Summary

  • People experiencing psychosis are unable to distinguish what is real.
  • Psychosis is associated with a number of illnesses that affect the brain.
  • Medication and community support can relieve, or even eliminate, psychotic symptoms.
Approximately three in 100 people will experience a psychotic episode at some point in their life. Some people only experience a few episodes of psychosis or a brief episode that lasts for a few days or weeks. Others will experience symptoms more frequently, in association with a longer-term illness such as schizophrenia. The first episode of psychosis usually occurs in a person's late teens or early 20s.

Confused thinking and psychosis

In psychosis, the everyday thoughts that enable us to lead our daily lives become confused. Words and ideas lose their meanings or take on meanings that make no sense. This is usually recognisable to others through changes in speech, which can include:

  • speaking very quickly or slowly
  • changing topics frequently
  • speaking in muddled-up sentences
  • using the wrong words to describe things
  • making up words.

These disturbances in thinking can affect a person's ability to concentrate, remember things and to make plans. These effects can persist, even after the psychotic episode has subsided.

Delusions and psychosis

Delusions are false beliefs that are not shared by others. Delusions can take various forms, including:

  • paranoid delusion – for example, the person believes they are being watched and singled out for some harmful purpose
  • grandiose delusion – for example, the person believes they have special powers or that they are an important religious or political figure
  • reference delusion – the person believes they are receiving special messages or codes – for example in TV shows, songs or advertising
  • control delusion – the person believes their thoughts are being controlled or influenced by outside forces – aliens, some real or invented group, an individual or something more vague
  • somatic delusion – the person believes something has happened to their body: something is wrong with it, some part of it is missing or dead, or that they are infested with disease or parasites
  • depressive delusion – for example, the person believes they are guilty of some terrible crime.

Hallucinations and psychosis

A hallucination is when someone hears, sees, smells or tastes something that isn't there. A common form of hallucination is to hear voices that aren't there. Hallucinations can lead to agitation, distress and even hostility.

Low motivation and psychosis

The effect of psychotic symptoms on the brain can make it difficult for a person to translate thought into action. They may become very lethargic (sluggish). Even getting up in the morning or doing the dishes may feel like impossible hurdles.

Changed feelings and psychosis

Psychosis can lead to changes in emotions. It may become difficult for the person to:

  • communicate their feelings
  • distinguish what their emotions are
  • know how to react to things.

Types of psychotic illness

There are many factors that can produce psychotic symptoms. Some examples are:

  • brief reactive psychosis – psychotic symptoms lasting less than a month and due to a very stressful event
  • drug induced psychosis – caused by drugs such as alcohol, speed, LSD, marijuana, ecstasy or magic mushrooms. The symptoms last until the effects of the drugs wear off (hours or days)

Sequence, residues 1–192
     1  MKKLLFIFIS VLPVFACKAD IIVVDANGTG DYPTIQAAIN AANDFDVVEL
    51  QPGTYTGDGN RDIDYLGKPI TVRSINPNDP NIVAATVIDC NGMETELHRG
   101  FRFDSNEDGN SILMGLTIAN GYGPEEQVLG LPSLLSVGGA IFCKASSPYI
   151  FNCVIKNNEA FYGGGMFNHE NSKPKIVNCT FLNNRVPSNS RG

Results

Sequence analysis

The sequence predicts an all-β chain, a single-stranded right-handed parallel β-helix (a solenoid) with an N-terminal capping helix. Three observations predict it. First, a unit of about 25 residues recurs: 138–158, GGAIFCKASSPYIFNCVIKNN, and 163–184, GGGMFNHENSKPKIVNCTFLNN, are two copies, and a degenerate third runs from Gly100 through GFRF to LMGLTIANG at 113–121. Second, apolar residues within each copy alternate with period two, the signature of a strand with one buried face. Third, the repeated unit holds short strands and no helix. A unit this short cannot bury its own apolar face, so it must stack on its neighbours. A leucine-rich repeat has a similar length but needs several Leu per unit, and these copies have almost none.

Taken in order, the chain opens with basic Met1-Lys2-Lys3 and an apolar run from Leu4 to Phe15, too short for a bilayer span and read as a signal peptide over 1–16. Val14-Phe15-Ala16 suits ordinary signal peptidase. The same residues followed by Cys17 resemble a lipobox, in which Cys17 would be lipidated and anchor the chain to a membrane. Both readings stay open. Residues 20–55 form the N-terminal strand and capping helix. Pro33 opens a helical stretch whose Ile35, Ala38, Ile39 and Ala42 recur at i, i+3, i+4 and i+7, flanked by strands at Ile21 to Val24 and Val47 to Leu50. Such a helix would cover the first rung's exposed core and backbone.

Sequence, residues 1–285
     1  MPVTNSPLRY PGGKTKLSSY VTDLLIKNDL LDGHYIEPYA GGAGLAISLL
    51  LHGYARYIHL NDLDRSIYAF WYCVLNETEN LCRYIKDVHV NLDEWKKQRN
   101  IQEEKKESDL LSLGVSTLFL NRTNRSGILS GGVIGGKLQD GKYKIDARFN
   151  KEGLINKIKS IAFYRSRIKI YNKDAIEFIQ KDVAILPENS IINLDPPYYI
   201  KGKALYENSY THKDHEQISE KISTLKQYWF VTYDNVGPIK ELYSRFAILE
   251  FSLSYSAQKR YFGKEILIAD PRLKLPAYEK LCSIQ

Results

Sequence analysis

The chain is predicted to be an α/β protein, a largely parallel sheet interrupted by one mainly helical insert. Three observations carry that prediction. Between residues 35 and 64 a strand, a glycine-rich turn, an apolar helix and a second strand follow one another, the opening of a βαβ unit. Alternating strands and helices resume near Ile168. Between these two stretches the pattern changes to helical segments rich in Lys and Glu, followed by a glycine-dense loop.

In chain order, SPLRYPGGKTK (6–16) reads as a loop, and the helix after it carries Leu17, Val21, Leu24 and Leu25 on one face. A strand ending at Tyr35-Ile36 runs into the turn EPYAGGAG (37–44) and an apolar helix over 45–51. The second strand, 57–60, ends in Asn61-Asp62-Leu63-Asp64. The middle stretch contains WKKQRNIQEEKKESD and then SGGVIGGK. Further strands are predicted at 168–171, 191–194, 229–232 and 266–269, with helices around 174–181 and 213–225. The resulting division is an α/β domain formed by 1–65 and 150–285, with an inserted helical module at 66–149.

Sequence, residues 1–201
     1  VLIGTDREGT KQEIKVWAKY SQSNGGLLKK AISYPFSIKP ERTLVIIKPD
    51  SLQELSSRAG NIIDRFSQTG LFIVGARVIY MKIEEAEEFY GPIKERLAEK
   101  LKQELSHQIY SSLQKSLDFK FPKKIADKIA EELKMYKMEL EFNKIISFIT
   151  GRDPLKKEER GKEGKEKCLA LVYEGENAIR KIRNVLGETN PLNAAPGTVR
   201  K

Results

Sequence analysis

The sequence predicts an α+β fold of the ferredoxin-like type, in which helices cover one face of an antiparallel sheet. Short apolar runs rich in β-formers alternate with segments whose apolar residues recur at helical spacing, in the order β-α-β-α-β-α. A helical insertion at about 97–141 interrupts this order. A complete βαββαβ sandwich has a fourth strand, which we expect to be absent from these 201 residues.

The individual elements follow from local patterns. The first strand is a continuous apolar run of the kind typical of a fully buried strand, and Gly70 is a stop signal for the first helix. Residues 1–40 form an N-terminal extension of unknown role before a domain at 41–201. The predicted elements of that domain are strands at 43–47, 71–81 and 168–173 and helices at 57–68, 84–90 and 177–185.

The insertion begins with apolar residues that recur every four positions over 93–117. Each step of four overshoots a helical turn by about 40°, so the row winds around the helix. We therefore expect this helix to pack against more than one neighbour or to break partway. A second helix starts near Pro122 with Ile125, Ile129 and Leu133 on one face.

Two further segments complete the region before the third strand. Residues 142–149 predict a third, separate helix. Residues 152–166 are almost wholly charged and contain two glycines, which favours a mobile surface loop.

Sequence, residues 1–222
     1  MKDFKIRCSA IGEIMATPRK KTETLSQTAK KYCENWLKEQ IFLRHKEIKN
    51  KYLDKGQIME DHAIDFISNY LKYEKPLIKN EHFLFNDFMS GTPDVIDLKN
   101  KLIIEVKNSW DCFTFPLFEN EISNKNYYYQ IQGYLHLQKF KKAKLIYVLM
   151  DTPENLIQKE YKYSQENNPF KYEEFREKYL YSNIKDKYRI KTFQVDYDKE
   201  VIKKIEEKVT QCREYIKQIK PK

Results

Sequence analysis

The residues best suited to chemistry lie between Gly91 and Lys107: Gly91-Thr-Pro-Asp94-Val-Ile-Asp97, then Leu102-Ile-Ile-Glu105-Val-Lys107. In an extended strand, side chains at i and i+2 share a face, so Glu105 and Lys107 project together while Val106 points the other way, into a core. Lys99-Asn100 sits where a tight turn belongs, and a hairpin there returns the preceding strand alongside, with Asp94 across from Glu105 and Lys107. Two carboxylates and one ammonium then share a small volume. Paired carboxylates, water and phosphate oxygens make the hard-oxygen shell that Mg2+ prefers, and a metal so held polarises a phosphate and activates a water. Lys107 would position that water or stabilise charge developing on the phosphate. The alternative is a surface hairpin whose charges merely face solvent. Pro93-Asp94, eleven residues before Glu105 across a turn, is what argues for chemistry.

• schizophrenia – most people affected by schizophrenia experience a range of psychotic symptoms and commonly have difficulty organising their thoughts
  • bipolar disorder – involves very extreme moods (either very high or very low) that can lead to psychotic symptoms
  • severe depression – depression can be so intense that it causes psychotic symptoms.

Causes of psychosis

The causes of psychosis are not fully understood. It is likely that psychosis is caused by a combination of hereditary and other factors. Psychosis may be associated with a chemical imbalance in the brain. Stress and certain drugs (for example, marijuana, speed or LSD) can trigger the first episode of psychosis.

Diagnosis of psychosis

When someone experiences an episode of psychosis, a full medical examination is required. A period of observation by a team of mental health professionals will be necessary (either in the home or in hospital). Psychosis caused by drugs or other diseases will be checked for first.

Treatment for psychosis

Treatment can do much to relieve, or even eliminate, the symptoms of psychosis. Treatments include:

  • medication – certain medications help the brain to restore its normal chemical balance
  • community support programs – ongoing support is needed to help a person with psychosis to keep living independently in the community. Support may include help with accommodation, finding suitable work, and assistance with the development of social and personal skills
  • psychological therapy such as psychotherapy, cognitive-behaviour therapy and family therapy
  • family support
  • self-help groups
  • avoiding alcohol or other drugs
  • reducing and learning how to manage stress
  • counselling.

A long period of convalescence from an episode (weeks, months or even longer) may be needed. 

Where to get help

References

More information

Mental illness

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Types of mental illness

Living with mental illness

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This page has been produced in consultation with and approved by: SANE Australia

Last updated: July 2017

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